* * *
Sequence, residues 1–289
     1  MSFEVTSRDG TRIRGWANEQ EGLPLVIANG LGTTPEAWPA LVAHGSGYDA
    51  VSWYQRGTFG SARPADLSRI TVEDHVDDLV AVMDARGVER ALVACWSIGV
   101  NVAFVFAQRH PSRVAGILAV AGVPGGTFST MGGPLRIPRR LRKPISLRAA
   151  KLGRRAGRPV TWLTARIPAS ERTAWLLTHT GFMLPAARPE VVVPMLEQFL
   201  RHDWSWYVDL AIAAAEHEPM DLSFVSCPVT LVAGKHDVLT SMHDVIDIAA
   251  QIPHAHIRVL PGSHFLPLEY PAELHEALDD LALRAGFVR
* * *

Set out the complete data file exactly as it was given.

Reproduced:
Sequence, residues 1–289
     1  MSFEVTSRDG TRIRGWANEQ EGLPLVIANG LGTTPEAWPA LVAHGSGYDA
    51  VSWYQRGTFG SARPADLSRI TVEDHVDDLV AVMDARGVER ALVACWSIGV
   101  NVAFVFAQRH PSRVAGILAV AGVPGGTFST MGGPLRIPRR LRKPISLRAA
   151  KLGRRAGRPV TWLTARIPAS ERTAWLLTHT GFMLPAARPE VVVPMLEQFL
   201  RHDWSWYVDL AIAAAEHEPM DLSFVSCPVT LVAGKHDVLT SMHDVIDIAA
   251  QIPHAHIRVL PGSHFLPLEY PAELHEALDD LALRAGFVR